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According to IMF, UAE's Economy is Making Progress Rapidly

Oxford Tax Solutions
23 November, 2014

According to the IMF, the United Arab Emirate economy (UAE) is making rapid progress and emerging from international financial crisis at a fast pace, although may be susceptible to decreasing oil prices.

The economy is steadily recovering due to the fact it has been enhanced by the construction, logistic and hospitality sector. Overall growth was strengthened by continuous public projects in Abu Dhabi, the UAE’s largest oil producer, as well as the services sector in Dubai.

The UAE, is OPEC’s fourth leading supplier, was influenced greatly by the international financial crisis. The crisis slowed down the rate of economic growth extensively, which was recorded at 1.5% during 2007 until 2011.

The IMF estimates the UAE will close 2014 with a 4.25% economic growth, almost 1% less than the percent of growth it marked in 2013. The economy, excluding the oil-sector, is presumed to mark a 5.5% growth.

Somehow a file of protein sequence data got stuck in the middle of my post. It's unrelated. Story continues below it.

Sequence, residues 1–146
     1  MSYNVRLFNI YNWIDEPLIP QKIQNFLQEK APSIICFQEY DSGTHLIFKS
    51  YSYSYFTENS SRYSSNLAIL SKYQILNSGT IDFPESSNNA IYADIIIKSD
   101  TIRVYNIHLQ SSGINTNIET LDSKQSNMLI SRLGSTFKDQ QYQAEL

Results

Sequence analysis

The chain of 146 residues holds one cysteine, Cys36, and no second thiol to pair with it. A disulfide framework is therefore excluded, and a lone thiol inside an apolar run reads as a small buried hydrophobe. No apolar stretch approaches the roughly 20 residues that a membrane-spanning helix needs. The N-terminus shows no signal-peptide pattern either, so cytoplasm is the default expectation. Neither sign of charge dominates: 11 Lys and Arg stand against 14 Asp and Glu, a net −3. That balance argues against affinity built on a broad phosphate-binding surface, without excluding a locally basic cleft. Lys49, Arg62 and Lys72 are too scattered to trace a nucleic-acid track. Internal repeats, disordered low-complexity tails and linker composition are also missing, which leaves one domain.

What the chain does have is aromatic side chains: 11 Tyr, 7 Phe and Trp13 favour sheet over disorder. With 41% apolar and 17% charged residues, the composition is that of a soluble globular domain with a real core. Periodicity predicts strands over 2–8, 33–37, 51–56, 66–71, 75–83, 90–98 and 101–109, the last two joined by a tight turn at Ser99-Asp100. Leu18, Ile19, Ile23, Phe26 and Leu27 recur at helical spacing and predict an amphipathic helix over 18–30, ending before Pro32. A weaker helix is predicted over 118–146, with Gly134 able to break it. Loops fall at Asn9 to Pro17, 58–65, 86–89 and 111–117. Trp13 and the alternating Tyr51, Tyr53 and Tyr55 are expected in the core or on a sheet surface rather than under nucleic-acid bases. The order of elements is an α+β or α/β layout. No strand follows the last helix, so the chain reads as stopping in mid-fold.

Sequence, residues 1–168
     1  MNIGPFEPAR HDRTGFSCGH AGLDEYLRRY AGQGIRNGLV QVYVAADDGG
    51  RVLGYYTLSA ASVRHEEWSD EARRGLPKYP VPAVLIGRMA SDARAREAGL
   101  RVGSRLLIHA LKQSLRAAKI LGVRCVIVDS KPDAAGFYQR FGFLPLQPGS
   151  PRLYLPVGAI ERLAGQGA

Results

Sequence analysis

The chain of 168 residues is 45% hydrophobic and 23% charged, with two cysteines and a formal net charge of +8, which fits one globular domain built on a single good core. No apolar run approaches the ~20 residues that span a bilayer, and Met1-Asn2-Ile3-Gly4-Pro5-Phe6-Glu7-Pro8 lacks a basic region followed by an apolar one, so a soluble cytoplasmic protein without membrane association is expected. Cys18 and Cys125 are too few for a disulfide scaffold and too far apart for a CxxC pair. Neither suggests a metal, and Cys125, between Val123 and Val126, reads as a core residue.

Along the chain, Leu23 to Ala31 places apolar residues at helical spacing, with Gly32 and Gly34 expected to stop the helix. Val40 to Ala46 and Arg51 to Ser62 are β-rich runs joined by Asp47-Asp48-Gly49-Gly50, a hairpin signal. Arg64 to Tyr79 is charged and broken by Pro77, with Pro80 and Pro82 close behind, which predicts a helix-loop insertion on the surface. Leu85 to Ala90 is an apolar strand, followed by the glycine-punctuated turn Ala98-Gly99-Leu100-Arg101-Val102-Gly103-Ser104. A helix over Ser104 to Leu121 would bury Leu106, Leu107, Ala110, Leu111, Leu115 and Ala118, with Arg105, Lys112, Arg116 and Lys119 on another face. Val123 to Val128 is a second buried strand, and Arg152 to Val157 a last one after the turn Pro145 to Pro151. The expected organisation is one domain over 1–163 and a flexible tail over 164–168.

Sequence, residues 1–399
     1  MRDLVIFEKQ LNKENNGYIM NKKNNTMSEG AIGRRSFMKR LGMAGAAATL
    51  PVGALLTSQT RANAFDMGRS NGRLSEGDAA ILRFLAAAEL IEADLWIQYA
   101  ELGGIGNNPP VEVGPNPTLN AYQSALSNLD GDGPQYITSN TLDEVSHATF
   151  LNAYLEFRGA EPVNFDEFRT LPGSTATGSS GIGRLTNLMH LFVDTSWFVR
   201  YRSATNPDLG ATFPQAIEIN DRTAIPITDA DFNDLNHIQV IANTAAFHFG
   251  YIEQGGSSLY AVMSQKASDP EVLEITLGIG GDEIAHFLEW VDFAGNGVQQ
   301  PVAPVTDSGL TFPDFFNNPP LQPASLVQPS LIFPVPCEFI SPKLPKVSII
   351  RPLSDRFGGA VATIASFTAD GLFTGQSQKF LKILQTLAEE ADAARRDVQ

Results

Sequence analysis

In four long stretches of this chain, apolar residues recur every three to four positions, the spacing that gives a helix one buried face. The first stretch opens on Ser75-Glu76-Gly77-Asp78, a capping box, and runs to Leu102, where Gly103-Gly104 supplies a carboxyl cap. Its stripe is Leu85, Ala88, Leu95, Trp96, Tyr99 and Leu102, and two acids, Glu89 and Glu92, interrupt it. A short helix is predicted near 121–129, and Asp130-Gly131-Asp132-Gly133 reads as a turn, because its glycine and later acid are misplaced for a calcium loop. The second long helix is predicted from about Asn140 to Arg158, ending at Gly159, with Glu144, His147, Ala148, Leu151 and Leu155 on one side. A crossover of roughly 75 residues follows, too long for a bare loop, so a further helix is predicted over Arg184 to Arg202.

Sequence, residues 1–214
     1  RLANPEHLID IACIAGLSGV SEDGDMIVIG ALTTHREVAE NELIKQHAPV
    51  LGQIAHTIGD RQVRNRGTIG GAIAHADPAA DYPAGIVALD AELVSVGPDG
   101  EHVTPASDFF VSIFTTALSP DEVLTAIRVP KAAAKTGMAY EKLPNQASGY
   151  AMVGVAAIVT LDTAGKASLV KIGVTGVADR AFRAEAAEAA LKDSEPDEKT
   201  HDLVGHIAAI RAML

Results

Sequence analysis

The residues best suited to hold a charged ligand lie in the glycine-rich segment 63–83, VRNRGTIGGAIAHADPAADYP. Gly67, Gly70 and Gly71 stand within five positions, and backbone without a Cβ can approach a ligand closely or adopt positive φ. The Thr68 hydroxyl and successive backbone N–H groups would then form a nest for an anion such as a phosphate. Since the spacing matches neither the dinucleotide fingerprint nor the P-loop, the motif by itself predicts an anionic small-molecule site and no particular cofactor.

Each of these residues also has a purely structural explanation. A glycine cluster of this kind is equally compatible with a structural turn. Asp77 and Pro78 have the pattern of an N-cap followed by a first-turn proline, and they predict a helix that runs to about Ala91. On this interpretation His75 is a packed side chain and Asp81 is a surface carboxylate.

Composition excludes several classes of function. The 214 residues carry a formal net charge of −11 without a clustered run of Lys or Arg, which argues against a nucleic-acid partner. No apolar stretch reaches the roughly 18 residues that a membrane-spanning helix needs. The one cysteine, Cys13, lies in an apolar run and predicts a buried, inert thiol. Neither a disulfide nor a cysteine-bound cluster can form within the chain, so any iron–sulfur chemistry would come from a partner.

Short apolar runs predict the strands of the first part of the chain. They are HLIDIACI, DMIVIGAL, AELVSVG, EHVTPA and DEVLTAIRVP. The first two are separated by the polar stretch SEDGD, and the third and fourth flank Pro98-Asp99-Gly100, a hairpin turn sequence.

IMF cautioned that is the oil-price decrease continues, oil revenues will be affected significantly. Nonetheless, the IMF added that the UAE had adequate financial savings to minimise the impact the loss of revenue will have on the nation.

The IMF also noted that real estate prices stabilised during the summer. After a time where real estate soared, the slower pace and stabilisation of property prices is a good sign. 

The IMF also stated that Dubai and all its government-related entities (GREs) have constantly depicted improvement after the 2008 crisis that hit Dubai. It added that some of the GREs had started to repay the debts before their payments were due.

Although, some GREs still carry debts, their strengthened financial position and maturity contribute to minimising debt-linked risks.

Dubai has recently paid $1.93 billion to debts, money which the emirate obtained from a sukuk (Islamic Bond), and further committed itself to repaying its debts on time.

During August, Nakheel settled all its bank debt amounting to $2.15 billion. The debt was due to be repaid in the next four years.

During March, Dubai succeeded in delaying the $20 billion debt it owed Abu Dhabi, which was owed this year. The debt is now due to be paid in the following five years. 


Tags: Dubai


About the Author


Oxford Tax Solutions

The head of this dynamic multilingual team is Mr. Athos Fouttis, an International Tax Consultant, author of articles in international publications and regular speaker at international tax and offshore seminars. Our head office is located at the main business district of Limassol Cyprus. Contact: www.oxfordtaxsolutions.com

 

 

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